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Posts Tagged ‘Symbols’

Find, Affirm and Own Your Axis Mundi

Axis Mundi. It is a strange pair of words. Esoteric sounding? Yes. Perhaps it paints a shamanistic image in your mind? Maybe. Is it Buddhist? Yes, though it would definitely be articulated with a different language, culture, and custom. The same sort of contextual articulation would apply to a plethora of Indigenous Tribes, Hinduism, Islam, Judaism, and Christianity. In fact, Axis Mundi, as a concept, is universally present in all of religion. We all search for our own Axis Mundi. Read More »

Trinity as Model for Church Community

Jesus’ prayer in the 17th chapter of John’s Gospel is that we would be as one. Unity! Let’s put this prayer in perspective. Jesus and his disciples gather in a small upper room. They gather there for one purpose: to share the Passover meal. They sing a few songs together, praise God, pray a lot, eat, and drink their wine. During this meal, Jesus institutes our sacrament of the Last Supper. He also washes the feet of the disciples. Jesus, after they finish with all of this, prays the John 17 prayer.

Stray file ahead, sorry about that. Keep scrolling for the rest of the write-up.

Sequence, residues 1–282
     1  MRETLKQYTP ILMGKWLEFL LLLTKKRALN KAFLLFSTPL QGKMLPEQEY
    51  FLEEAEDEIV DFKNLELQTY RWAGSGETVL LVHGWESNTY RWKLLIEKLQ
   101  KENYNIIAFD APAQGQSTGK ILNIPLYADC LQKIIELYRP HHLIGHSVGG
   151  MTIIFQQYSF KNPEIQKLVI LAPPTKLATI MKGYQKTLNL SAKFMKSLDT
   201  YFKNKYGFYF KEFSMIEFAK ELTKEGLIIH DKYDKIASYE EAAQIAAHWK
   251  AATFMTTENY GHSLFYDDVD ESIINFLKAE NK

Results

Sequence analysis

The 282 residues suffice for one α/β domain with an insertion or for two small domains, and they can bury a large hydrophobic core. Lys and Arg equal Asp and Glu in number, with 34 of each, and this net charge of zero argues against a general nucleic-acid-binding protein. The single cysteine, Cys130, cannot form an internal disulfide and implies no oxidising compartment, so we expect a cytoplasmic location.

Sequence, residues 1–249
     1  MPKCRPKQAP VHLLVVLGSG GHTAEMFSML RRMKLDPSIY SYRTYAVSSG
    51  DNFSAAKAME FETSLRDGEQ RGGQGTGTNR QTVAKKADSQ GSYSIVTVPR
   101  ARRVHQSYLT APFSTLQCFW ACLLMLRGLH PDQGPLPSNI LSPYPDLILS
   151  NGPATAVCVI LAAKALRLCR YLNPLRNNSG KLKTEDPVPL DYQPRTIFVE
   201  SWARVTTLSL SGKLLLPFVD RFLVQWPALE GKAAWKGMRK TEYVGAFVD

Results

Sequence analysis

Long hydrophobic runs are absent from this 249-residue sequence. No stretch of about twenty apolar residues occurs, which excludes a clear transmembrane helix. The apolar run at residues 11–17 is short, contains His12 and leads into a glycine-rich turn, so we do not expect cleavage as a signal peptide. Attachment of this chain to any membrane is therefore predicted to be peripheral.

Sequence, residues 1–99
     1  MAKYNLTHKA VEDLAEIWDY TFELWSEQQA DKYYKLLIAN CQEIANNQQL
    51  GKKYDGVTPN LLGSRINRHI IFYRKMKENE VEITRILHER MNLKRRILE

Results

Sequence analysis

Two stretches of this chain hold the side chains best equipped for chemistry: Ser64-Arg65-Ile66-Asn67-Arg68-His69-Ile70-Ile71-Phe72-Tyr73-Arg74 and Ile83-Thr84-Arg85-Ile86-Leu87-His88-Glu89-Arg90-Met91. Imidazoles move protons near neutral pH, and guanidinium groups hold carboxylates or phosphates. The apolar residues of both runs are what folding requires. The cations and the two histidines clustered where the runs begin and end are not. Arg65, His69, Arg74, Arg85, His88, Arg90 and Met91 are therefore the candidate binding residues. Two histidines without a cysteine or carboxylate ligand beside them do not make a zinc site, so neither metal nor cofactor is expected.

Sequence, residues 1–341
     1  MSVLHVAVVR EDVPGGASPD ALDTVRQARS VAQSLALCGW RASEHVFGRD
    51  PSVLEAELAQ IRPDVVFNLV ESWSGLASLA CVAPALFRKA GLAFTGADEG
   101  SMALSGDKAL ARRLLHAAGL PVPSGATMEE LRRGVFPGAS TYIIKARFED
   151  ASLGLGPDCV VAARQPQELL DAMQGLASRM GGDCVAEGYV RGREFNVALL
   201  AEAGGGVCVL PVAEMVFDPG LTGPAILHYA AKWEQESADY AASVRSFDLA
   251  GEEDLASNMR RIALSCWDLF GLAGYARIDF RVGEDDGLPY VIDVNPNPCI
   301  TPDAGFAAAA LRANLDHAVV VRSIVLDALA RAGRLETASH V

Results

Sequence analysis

Jesus either prays this prayer right there in the room, upon completion of the other events shared, or he prays it as they walk towards the Garden of Gethsamene, where he prays some more while the disciples pass out under a tree from too much Passover wine. Jesus knows what is coming. He knows he’s going to be arrested, tried, and killed. How important is this prayer for unity in light of this foreknowledge? Seriously! Jesus, knowing full well death is imminent, prays first that these disciples find unity; the same unity that he shares with the Father. Read More »

The Symbols for God and Our Creative Imaginations

We use a lot of symbols to articulate our understanding of God. I think a lot of unnecessary arguments between believers occur as a result of a misunderstanding of symbols and symbolic language. Symbols are relative constructs inherently linked to the communities that create them. Said differently, our symbols for God are not immutable or exhaustive constructs. God is immutable and exhaustive, which is the reason for our need for evocative symbols in the first place. How does one articulate with words the reality of an immutable and exhaustive God without a transient, culture-bound, symbol? Read More »